Lake Titicaca, impossibly wide and deep and high above the sea, fills an immense mountain trough in the Andes along the Peru-Bolivia border. The lake is so big that it encompasses rocky islands.
Strangely enough, there are floating islands too, giant rafts of totora reed supporting chickens, dogs, sheep and people. Houses sprout in organic rings around the islands. Men and women in rainbow woolen hats forever reweave their real estate as it ripples the aluminum-bright water.
I visited once. They’ve got a nice tourist gig going, and the floating island we stopped at sported a bamboo watchtower. I went up that watchtower and saw to the slow drift of the horizon.
We think of prophets hearing the word of God and relating it to the people. But prophets also see to the horizons of God’s intended future and watch for God’s kingdom.
Habakkuk, perhaps writing around the same time as Jeremiah, makes this prophetic watching clear as he describes the storm clouds of Babylon’s massing armies on the horizon.
His message is dotted with visual language. In chapter 1, it’s the “oracle that the prophet Habakkuk saw.” God invites Habakkuk to “Look at the nations and watch.”
In chapter 2, God tells him to “write down the revelation/ vision.” Habakkuk steps out of the fray and climbs up his watchtower to get perspective on God’s farther and broader horizon.
Part of what makes Habakkuk such a compelling book is that the prophet not only watches and listens. He ascends the watchtower to speak to God.
One way to read the book’s structure is as a series of questions put to God by the prophet (1:2-4; 1:12-17), followed by God’s responses (1:5-11; 2:2-20).
Habakkuk resolves in an intense prayer-psalm called a Shigionoth of complete abandonment to God (3:1; see Psalm 7). Though the world fall apart, “yet I will rejoice in the Lord” (3:18).
Habakkuk is not alone in the Scriptures in putting questions to God. Just read Job or Ecclesiastes. Dive into the words of the prophet Jeremiah. Just ask David how he felt when Uzzah was struck dead steadying the sacred ark of the covenant on that oxen-rocked cart (2 Samuel 6).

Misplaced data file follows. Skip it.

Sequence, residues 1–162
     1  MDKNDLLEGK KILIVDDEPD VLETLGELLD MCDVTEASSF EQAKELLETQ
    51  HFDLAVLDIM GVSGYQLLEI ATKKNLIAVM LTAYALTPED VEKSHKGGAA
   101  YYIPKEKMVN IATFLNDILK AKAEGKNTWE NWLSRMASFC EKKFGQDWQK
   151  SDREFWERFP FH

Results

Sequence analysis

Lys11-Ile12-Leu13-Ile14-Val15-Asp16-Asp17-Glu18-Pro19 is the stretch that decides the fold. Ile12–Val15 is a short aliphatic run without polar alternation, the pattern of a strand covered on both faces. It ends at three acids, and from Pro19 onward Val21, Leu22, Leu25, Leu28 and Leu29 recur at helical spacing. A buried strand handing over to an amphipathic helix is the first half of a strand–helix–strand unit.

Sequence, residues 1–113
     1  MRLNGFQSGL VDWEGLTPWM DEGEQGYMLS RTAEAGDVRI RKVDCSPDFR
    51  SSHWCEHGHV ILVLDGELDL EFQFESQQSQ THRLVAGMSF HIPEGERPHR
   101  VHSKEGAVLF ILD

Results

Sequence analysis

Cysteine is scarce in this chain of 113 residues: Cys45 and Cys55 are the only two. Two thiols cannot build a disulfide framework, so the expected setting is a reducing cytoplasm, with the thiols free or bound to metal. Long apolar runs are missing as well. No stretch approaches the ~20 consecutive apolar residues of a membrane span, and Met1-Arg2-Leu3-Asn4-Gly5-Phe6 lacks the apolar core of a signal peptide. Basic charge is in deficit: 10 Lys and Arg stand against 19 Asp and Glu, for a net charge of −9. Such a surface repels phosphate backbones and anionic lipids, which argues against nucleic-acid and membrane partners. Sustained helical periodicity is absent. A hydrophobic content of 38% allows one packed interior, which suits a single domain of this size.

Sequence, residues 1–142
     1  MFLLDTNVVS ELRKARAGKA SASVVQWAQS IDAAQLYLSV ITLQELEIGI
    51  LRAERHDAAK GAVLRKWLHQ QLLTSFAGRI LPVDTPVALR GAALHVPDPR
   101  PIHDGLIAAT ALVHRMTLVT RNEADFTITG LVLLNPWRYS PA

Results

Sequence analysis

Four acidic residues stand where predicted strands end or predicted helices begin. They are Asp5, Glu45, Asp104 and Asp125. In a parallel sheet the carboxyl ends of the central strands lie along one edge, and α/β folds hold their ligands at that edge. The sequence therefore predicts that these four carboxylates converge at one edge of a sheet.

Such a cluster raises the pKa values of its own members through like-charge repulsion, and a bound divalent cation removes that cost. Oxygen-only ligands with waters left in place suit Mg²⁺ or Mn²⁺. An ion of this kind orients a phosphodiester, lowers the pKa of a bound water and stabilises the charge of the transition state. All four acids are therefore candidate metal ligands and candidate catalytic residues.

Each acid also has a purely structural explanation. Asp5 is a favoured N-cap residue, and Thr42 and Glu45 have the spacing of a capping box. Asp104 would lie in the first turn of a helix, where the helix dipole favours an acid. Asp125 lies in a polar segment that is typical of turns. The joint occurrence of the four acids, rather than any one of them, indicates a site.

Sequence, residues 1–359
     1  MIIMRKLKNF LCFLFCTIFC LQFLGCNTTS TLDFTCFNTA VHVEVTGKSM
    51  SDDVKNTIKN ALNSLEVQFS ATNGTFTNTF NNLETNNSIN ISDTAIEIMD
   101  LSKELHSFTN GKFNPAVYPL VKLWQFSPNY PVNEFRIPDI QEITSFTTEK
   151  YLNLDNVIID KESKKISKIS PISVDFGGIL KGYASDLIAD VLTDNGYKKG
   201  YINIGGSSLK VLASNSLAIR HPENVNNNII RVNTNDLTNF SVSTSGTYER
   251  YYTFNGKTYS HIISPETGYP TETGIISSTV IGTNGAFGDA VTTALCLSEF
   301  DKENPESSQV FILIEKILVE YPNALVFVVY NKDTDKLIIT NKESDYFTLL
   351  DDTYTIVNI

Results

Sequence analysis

Habakkuk questions how God can use such a violent and immoral and destructive people (Babylon) to punish his beloved children (Israel). He asks how God can treat human beings as if they were nothing more than creeping things from the depths of the sea, fish to be trawled up in a net (1:12-17).
Habakkuk is speaking of Babylon and Judea, but his are age-old, universally human questions of God’s justice, God’s power, God’s goodness.
The prophet’s watchtower is for watching in holy silence (2:20). But the watchtower is also for placing deep and soul-troubling questions before the Rock, the Holy One of old (1:12).
So too the prophet Amos, who “saw” his own set of words in the days of kings Uzziah and Jeroboam. He looks to the horizon and sees God’s coming judgment, sees even to the “day of the Lord.”
But it’s no I-told-you-so vision. No one can rest comfortably, not the Scripture-learned nor the religious.
“I despise your festivals,” says the God of Amos (5:21). “I can’t stand your religious meetings. I’m fed up with your conferences and conventions” (5:21-22, The Message). I don’t want your burnt offerings or grain offerings or fat offerings or blood offerings (5:22-23).
Thus saith the Lord: Give me justice rolling down like water and “righteousness like an ever-flowing stream” (5:24).
Anybody can affect a religious demeanor. Anybody can lob questions at the sky. Both can become ways of keeping God safely at arm’s length. But it’s another matter entirely to put yourself in a position of openness and vulnerability before the Ancient of Days. How do you go up the watchtower?
Brad Roth is pastor of West Zion Mennonite Church in Moundridge, Kan., and author of God’s Country: Faith, Hope and the Future of the Rural Church (Herald Press). He blogs at DoxologyProject.com.